Dumplings for Dinner

Wednesday, October 5, 2011 4 No tags Permalink 0

If there’s one savory dish I can make with confidence, it’s dumplings. Pork dumplings to be specific. The details vary. Sometimes I mix the pork with chives, ginger, and water chestnuts. Sometimes they’re folded in the nurse-cap style, other times in the traditional half-moon crimp. Yesterday we had tons of cilantro left in the fridge so I chopped it all up, mixed with pork, fresh ginger, lots of garlic, a splash of shoyu and sesame oil.

Set up your station, mise-en-place! Note the two different colored dumpling wrappers.

White wrapper = from the Korean supermarket (M2M)
Yellow wrapper = from the Japanese supermarket (Sunrise Mart)

I usually get the Japanese one, but when we ran out in the middle of dumpling making process I sent Pierre to the nearest market (thank you!). Which happened to be Korean one. When folding the dumplings, the Korean ones proved stretchier – I could pull more without the wrapper breaking. But after cooking, the taste of the Japanese wrappers were decidedly superior. The Korean ones were too thick and bland, doughy tasting. Lesson learned, stick to the Japanese wrappers!

My grandma and mom cook dumplings using the steam-fry method. And so that’s what I do, stick to tradition. Grease your pan with a bit of olive oil and place the dumplings into the pan. Pour enough warm water to reach about 1/3 the height of the dumplings. Put on the cover and cook at medium-high till it boils. Then turn down to medium till most of the water is gone. Remove cover and continue cooking until all the water is gone.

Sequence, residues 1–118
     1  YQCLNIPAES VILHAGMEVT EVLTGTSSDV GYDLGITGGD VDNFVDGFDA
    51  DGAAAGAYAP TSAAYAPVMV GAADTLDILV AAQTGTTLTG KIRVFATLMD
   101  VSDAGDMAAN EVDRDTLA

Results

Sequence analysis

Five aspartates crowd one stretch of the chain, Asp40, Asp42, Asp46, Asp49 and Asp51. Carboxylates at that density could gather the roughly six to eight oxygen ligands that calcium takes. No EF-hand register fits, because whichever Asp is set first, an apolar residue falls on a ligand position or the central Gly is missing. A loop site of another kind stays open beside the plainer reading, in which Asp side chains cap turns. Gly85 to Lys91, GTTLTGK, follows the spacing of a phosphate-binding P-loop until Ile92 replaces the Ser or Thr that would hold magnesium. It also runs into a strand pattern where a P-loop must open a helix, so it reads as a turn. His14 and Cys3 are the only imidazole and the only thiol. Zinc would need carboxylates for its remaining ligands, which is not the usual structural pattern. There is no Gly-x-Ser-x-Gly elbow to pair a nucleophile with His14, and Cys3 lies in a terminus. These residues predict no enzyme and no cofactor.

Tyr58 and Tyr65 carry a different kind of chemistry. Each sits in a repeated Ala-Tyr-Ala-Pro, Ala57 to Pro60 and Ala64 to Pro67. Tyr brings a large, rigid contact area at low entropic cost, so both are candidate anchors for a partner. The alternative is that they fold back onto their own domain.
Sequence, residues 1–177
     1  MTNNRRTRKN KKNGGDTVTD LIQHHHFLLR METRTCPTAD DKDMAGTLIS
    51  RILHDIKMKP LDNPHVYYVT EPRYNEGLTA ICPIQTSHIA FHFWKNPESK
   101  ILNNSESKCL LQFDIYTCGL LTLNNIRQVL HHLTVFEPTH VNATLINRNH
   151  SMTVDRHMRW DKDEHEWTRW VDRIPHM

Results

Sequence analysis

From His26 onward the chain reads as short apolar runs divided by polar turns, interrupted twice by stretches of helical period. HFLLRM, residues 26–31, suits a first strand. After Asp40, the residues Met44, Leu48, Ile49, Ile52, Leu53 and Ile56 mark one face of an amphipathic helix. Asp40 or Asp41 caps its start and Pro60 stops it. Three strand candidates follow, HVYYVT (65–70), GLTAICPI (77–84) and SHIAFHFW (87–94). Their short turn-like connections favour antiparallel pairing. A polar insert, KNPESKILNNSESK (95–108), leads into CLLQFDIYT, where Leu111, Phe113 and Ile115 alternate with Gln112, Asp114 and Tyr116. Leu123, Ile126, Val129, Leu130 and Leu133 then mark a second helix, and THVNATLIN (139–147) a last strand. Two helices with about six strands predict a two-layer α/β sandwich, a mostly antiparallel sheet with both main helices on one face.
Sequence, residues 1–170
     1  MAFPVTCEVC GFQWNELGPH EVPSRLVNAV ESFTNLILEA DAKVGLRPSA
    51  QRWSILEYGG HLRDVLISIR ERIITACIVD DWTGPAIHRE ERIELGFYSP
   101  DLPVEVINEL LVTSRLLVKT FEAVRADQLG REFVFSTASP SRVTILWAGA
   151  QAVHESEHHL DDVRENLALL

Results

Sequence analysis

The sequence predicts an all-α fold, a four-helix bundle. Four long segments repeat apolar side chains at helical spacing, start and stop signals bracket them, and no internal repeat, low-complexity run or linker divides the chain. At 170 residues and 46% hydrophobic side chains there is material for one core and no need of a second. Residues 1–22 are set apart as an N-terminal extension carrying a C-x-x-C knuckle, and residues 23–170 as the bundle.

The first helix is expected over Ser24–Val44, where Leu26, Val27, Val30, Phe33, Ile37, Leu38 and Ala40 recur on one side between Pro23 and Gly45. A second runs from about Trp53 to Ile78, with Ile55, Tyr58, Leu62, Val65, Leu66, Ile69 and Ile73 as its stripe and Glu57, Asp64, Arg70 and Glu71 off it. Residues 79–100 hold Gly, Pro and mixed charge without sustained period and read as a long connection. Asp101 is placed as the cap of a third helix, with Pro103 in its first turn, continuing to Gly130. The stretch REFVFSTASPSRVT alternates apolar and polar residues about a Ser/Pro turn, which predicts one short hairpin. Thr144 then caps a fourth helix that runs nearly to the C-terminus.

After another minute, the bottoms will get all crisp, deep golden. That’s the best part.

And this is what the tops will look like. Pierre likes it with only the bottom crispy, but I like both the bottom and top crispy (maybe I should consider deep-frying huh?)

But we compromise. I slide all the dumplings off the pan and onto a round plate. Then I get a matching plate and put that on top. Flip it upside down, remove the top plate, and then slide the dumplings back into the pan. Cook for a few more minutes until the tops get just a little crisp, and then you’re all pau! Black vinegar or ponzu sauce for dipping. If you have extra ginger, chop it up and mix into the dipping sauce. Super satisfying.

4 Comments
  • anonymous
    October 5, 2011

    I rarely make these. Which is probably why I think my best experience with them was at a party where the cousin of our host directed each of us at a task: some chopping, others filling and folding, another cooking. The most inept of us got to serve and clean!

  • K and S
    October 5, 2011

    ah now you got me craving kim chee gyoza :0

  • Julie
    October 5, 2011

    Those look awesome!

  • anonymous
    October 7, 2011

    that's a pretty good idea, i should make dumplings using that method. i wonder if you could do that in a cast iron pan the way they got in the dollar dumpling places…

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